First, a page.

I’ve been in a mood all day – not a good one and no real reason for it, at least nothing that wasn’t around yesterday. By evening I was as wound up as…as a muppet (and Jack Black!), one trigger word away from flipping out…
… so I stepped out for a bit. Ended up at my sister’s where I hung with one of my little nephews for a while, the worst of the mood sloughing off between one thing he was excited to show me and the next.
Eventually, I had to be the responsible grown up and remind him that it was bed time. I asked if he wanted a story before I left and he said, “yes, the one you wrote for me”. That request brought a smile to my face. This had never happened before.
The story is a bedtime story in verse. I wrote it a few years ago after a conversation with him where I just let his imagination – and he has a very poetic imagination – take the lead. The story was in part inspired by his mom’s complaints about how hyper he can be at bedtime – like now. I wrote it for him, and, in a sense, about him, his imaginative leaps, and their bedtime ritual. And after having it printed on coloured hard paper with art work – well a writer’s version of art work, laminated it and gifted it to him. Needless to say like any 5 or so year old more interested in remote controlled cars and the Flash, he was unimpressed.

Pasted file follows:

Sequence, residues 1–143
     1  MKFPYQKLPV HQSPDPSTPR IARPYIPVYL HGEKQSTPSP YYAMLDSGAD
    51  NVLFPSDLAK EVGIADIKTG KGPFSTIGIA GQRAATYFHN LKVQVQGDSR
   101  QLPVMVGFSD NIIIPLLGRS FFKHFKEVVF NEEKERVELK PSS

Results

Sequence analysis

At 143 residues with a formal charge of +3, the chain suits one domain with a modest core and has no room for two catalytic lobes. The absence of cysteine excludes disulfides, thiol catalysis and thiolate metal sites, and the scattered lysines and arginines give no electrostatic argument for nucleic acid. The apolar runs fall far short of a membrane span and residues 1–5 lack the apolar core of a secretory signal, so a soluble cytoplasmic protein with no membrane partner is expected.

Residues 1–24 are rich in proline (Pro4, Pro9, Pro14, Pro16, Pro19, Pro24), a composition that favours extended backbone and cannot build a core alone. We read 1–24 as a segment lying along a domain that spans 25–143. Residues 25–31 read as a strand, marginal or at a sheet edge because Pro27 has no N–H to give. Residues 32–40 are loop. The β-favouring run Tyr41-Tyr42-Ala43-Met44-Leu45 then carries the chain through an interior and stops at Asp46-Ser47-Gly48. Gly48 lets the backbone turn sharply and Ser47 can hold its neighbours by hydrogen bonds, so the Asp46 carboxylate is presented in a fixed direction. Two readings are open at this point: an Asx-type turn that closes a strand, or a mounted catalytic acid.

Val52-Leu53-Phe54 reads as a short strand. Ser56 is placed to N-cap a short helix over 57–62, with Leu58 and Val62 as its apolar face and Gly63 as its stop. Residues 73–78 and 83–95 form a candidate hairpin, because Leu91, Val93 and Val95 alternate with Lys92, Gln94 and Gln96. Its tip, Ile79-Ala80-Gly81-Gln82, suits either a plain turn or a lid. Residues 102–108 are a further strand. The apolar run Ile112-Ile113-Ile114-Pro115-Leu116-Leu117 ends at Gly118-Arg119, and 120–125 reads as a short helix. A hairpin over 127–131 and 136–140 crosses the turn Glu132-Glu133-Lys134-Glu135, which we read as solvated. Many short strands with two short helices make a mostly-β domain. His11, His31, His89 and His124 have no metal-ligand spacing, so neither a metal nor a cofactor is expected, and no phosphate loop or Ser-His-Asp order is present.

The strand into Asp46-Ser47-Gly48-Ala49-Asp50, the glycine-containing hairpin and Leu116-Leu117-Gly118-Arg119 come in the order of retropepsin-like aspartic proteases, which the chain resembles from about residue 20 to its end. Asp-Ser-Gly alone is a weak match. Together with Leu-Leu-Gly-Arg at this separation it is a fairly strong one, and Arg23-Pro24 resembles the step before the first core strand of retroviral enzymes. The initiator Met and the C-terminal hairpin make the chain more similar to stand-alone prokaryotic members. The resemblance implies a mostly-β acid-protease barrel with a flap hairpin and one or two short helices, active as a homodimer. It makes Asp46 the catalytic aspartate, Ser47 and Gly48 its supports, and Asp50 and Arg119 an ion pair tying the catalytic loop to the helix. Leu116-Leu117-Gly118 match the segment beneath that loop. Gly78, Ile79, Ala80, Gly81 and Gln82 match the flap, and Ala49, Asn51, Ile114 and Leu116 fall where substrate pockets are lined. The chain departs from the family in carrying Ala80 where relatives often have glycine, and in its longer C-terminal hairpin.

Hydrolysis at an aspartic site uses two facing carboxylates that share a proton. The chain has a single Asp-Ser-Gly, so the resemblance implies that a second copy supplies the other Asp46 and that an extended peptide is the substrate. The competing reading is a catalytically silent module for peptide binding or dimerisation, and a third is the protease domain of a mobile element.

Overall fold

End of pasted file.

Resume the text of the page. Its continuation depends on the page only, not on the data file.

But this boy-hulk who has destroyed many toys since then somehow still had the laminated story posed up on a stand at his bedside. Go figure. I picked it up, oddly nervous. He settled in bed. And I read, hoping to get the rhythm right so it would come alive for him and at the same time lull him to sleep.
As I read, I felt happier than I’d felt all day, all week. It was a fulfilling moment as a writer and an aunt…a writing aunt…this exactly was the reason why the story had been written. This moment.
I was happy that he had come to appreciate the gift and him letting me read it to him felt like a gift to me.
Now that I’ve entered the children’s picture book market, this is one of the stories I hope will some day bring joy and sleepiness to other children. I mean, not this particular too-hyper child, he was still up though he was pretending not to be, but still, it made me happy. What can I say writers – and aunts – are easy.